Many factors have been identified as having an impact on breastfeeding outcomes, and a key to solving the problem of the low breastfeeding rate is to improve awareness among pregnant women and mothers, as well as perform regular follow-ups . Face-to-face interventions require high levels of cooperation in postpartum women, and it is easy for women to be lost to follow-up. One proposed solution is mobile health (mHealth), which could provide medical assistance with the help of electronic mobile devices. Compared to face-to-face medical assistance, mHealth is cheaper and can have improved compliance [ ]. Thus, mHealth is being applied in an increasing number of fields [ - ]. A new mother’s mood may change from extreme joy to tension and anxiety, which may stimulate her to use electronic mobile devices to search for breastfeeding knowledge. These therefore provide the best entry point for mHealth [ ]. Information can be provided by professional medical staff or trained volunteers with breastfeeding experience [ ]. Since volunteers are more likely to resonate with primiparous mothers, they may be more suitable to help primiparous women with low income or with basic or no education.
Previous research into the effectiveness of mHealth-based interventions for promoting breastfeeding have been inconclusive. Therefore, the purpose of this study was to integrate the best evidence to clarify whether these interventions can improve the current breastfeeding status.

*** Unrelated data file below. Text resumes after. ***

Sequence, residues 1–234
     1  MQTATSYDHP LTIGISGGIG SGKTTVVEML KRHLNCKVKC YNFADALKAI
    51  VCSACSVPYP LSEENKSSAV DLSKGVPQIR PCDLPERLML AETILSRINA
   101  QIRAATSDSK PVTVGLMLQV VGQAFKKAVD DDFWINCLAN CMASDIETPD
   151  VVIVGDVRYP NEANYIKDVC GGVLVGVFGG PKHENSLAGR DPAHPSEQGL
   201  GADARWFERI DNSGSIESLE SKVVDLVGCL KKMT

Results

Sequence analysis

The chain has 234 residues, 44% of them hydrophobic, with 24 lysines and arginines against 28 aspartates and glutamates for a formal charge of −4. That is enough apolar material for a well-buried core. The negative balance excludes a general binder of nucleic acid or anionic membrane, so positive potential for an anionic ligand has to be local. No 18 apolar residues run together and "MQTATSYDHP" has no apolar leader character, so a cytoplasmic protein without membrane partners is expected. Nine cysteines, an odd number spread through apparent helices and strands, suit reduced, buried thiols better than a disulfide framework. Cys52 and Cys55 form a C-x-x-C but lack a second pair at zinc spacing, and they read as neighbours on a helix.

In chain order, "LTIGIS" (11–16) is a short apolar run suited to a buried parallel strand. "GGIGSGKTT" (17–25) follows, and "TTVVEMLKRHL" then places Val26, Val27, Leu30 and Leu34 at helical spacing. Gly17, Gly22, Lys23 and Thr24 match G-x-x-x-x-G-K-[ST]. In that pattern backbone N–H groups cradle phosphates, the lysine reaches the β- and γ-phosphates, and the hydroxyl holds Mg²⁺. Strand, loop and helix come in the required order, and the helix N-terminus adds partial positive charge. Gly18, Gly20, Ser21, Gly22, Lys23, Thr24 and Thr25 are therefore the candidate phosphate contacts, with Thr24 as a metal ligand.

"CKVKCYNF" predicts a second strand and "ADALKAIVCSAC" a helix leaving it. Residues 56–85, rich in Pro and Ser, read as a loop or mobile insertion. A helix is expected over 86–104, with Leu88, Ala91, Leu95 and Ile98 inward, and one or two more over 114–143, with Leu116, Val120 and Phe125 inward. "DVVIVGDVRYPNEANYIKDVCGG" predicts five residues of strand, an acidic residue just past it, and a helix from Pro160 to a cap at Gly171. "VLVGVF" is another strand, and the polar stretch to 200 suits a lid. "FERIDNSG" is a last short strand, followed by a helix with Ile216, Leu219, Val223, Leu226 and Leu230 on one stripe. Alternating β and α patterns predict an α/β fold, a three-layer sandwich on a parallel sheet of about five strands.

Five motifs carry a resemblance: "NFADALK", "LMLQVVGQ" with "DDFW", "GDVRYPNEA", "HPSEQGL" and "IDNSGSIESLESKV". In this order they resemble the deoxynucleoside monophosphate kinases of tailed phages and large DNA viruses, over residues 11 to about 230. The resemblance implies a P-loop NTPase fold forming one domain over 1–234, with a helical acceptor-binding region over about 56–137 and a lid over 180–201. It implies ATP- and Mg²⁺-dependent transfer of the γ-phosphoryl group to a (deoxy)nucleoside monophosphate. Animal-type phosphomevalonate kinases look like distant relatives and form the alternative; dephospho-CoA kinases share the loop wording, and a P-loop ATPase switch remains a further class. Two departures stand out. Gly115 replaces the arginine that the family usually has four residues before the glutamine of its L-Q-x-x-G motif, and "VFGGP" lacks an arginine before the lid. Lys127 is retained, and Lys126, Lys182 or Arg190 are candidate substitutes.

A systematic search of databases (PubMed, Embase, The Cochrane Library, and Web of Science) was conducted to identify eligible studies published from 1966 to October 29, 2020. The retrieval strategy of the PubMed database was as follows: ((“breastfeeding” OR “exclusive breastfeeding”) AND (“Mobile Applications” OR “Telemedicine” OR “Text Messaging” OR “Cell Phone” OR “Smartphone” OR “mHealth” OR “eHealth” OR “Mobile” OR “Portable Software Application” OR “Tele*” OR “e-Health” OR “m-Health” OR “?phone*” OR “Text*” OR “Short Message” OR “SMS” OR “App” OR “Apps” OR “App-based” OR “Electronic” OR “Message*” OR “Web” OR “Web-based” OR “Internet*” OR “Digital*”) AND (“randomized controlled trial” OR “controlled clinical trial” OR “randomized” OR “placebo” OR “clinical trials as topic” OR “randomly” OR “trial”) NOT (“animals”) NOT (“humans” AND “animals)). The detailed search strategy for each database is presented in. To ensure that the search was comprehensive, we also searched the reference lists of the studies yielded by the original search. This study was performed in accordance with the recommendations of the Preferred Reporting Items for Systematic Reviews and Meta-Analyses (PRISMA) statement [ ].